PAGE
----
I’m hardly saying anything new but it’s also an anti-intellectual debate. Don’t rely on argument, rely on instinct – it’s become a matter of belief. There’s a new book out about the French intellectual (The End of the French Intellectual): at least France has had such a person as the public intellectual. A species who in this country should expect to get as little appreciation from the likes of the Daily Mail as members of the House of Lords or the judiciary.

Leaping across the pond, we have Scott Pruitt, head of the American Environmental Protection Agency, barring scientists who have received federal grants from the EPA from sitting on boards advising the EPA on the grounds of ‘conflict of interest’. There are no restrictions on scientists who work for the industries the EPA monitors. Again, independence of mind is under threat.

And finally, that Ruth Lea, a long-time public figure, arguing that ‘the economics ‘establishment’, including the Treasury, were utterly wrong-footed by our economic performance after the Brexit vote in June 2016′. The economics ‘establishment’ – ‘commissariat’ is another term I’ve seen used. In other words, the great majority of economists. Maybe Ruth Lea hasn’t noticed how our performance has significantly lagged the rest of Europe – and taken on board the reluctance abroad not to let the UK slide too far – for in whose interests is that? Yes, arguments were too apocalyptic, attempting to match the Brexiteers’ approach of promising the earth.

The way is still down, it’s just taking far more turnings. As long as we inhabit this falsely polarised world that won’t change.

Spring, Michele Hanson, Pinker, Kahneman, Brexit, Ursula LeGuin – a few one-sentence blogs

Time is pressing and I’m off on holiday to an island where I’ll face south across the ocean and follow the sun, and climb up to the cloud forest behind. But there are blogs that I’ve wanted to write. So I thought – how about a blog of single sentence. (Max two, but you’ll see how this expands.)

Brexit: in his speech to his party’s spring conference yesterday, LibDem leader Vince Cable argued that “nostalgia for a world where passports were blue, faces were white and the map was coloured imperial pink” had driven some older voters to Brexit. In response to the uproar from some in the Tory ranks I’d simply say that some truths are self-evident – and add the reminder that without anti-immigrant sentiment Brexit would have been decisively defeated.

Michele Hanson: the Guardian columnist died a few days ago, after 34 years (I think) of writing a column for the Guardian. I knew her a little back in the 70s, we had mutual friends, and I’ve caught up today with a few of the columns I didn’t read, and found them both downbeat and upbeat, wise, warm and rather wonderful – whether she’s writing on care homes, dogs, family, personal hygiene – she engaged so many people with moments and issues in life they could connect with.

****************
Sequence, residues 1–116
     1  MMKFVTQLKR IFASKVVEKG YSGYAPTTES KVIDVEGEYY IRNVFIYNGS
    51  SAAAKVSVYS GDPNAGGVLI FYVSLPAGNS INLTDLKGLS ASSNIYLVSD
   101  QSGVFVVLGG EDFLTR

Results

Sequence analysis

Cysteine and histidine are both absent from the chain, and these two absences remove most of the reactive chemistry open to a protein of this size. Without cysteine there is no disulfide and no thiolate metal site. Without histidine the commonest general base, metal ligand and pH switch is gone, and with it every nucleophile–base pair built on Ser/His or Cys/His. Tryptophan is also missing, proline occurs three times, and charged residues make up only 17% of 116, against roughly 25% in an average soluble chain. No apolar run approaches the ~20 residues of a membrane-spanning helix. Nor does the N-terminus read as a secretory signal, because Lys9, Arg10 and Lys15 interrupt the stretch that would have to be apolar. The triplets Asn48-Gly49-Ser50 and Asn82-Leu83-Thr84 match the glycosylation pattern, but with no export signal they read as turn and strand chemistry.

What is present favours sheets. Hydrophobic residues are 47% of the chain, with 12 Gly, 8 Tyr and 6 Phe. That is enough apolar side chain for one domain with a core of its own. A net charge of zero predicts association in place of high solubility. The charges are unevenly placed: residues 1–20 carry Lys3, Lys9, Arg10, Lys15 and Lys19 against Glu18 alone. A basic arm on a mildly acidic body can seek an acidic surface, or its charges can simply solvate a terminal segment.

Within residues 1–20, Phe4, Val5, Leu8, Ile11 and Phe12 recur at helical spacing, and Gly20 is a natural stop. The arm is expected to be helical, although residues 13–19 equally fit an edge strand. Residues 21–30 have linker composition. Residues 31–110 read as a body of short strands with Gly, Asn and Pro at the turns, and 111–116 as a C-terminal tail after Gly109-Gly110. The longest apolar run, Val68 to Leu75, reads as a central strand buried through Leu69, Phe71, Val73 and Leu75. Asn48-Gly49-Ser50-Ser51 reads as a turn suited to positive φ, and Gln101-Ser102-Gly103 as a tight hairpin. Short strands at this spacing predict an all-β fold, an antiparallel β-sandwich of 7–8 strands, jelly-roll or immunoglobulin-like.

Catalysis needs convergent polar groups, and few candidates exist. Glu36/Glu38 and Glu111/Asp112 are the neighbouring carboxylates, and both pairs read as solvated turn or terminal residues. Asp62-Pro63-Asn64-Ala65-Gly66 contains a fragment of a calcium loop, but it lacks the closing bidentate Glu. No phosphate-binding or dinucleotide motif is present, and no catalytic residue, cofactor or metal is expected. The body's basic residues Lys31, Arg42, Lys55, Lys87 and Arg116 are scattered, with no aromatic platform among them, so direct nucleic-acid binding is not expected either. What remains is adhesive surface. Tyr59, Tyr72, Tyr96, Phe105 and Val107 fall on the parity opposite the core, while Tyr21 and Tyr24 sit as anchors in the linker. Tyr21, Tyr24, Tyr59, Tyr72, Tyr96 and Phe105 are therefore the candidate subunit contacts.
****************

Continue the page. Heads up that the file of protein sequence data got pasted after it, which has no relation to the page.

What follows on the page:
At the other extreme my old bete noir, the fluffy-white-haired guru Steven Pinker, paired in this instance with the 18th century Scottish genius-philosopher, David Hume, whom Pinker neglects to mention when talking about the enlightenment – and who stated clearly and succinctly that “reason is, and ought only to be the slave of the passions”. In other words, don’t give reason space which it oughtn’t to have – give it, I’d argue, shared space, let one inform the other, and take both out beyond our private lives into the public sphere.

Thoughts from Tim Harford in the FT, quoting Daniel Kahneman: “When faced with a difficult question we often answer an easier one instead, usually without noticing the substitution.” In the case of the referendum the difficult question being “Should the UK remain in the EU”, and the easier substitution “Do I like the way this country is going”.

The last item was two sentences – so I’m adding a third from Harford as a separate item – a rather obvious cheat. “No voter can master every issue … referendums instead invite us to ignore the question, give the snake-oil peddlars an edge, concentrate our ignorance into a tightly-focused beam, and hold nobody accountable for results.” Right on.

For something completely different … Alexander Harris in the Tate Etc Magazine: “So I became a collector of early autumn evenings. In the ancient analogy … the time of youth is spring. But I remember only one or two spring days from my childhood – it is all autumn: the orange of the late crocosmia flowers meets the spotted yellow fringes of hawthorn leaves; blue skies deepen above glowing stone walls, and then it all softens to a yellowy grey haze…” That set me thinking, and I only half-agree, and maybe that’s because my pre-eminent spring memory is of a day in May walking in the Cheshire hills with my first girlfriend, and spring was suffused with birdsong and a funny feeling of elation, of walking on air, that I’ve never quite recaptured …

(Treating Alexander Harris’ quote as one sentence …)